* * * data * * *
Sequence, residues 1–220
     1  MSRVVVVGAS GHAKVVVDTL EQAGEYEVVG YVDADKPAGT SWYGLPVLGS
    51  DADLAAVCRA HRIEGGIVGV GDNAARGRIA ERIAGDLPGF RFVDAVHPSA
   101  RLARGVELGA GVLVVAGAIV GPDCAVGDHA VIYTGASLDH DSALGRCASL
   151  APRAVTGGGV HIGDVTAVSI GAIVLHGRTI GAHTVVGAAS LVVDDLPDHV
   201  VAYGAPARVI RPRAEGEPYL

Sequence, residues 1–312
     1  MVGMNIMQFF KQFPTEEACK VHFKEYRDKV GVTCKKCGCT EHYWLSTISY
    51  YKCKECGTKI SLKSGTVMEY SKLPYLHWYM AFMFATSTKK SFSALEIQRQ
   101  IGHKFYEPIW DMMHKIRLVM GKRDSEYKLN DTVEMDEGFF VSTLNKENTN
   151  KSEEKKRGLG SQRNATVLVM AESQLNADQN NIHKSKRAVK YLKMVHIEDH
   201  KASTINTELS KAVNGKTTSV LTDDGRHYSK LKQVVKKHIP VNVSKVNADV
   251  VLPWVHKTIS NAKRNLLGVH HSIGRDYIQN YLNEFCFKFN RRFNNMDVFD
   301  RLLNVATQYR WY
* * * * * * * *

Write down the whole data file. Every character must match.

Sequence, residues 1–220
     1  MSRVVVVGAS GHAKVVVDTL EQAGEYEVVG YVDADKPAGT SWYGLPVLGS
    51  DADLAAVCRA HRIEGGIVGV GDNAARGRIA ERIAGDLPGF RFVDAVHPSA
   101  RLARGVELGA GVLVVAGAIV GPDCAVGDHA VIYTGASLDH DSALGRCASL
   151  APRAVTGGGV HIGDVTAVSI GAIVLHGRTI GAHTVVGAAS LVVDDLPDHV
   201  VAYGAPARVI RPRAEGEPYL

Sequence, residues 1–312
     1  MVGMNIMQFF KQFPTEEACK VHFKEYRDKV GVTCKKCGCT EHYWLSTISY
    51  YKCKECGTKI SLKSGTVMEY SKLPYLHWYM AFMFATSTKK SFSALEIQRQ
   101  IGHKFYEPIW DMMHKIRLVM GKRDSEYKLN DTVEMDEGFF VSTLNKENTN
   151  KSEEKKRGLG SQRNATVLVM AESQLNADQN NIHKSKRAVK YLKMVHIEDH
   201  KASTINTELS KAVNGKTTSV LTDDGRHYSK LKQVVKKHIP VNVSKVNADV
   251  VLPWVHKTIS NAKRNLLGVH HSIGRDYIQN YLNEFCFKFN RRFNNMDVFD
   301  RLLNVATQYR WY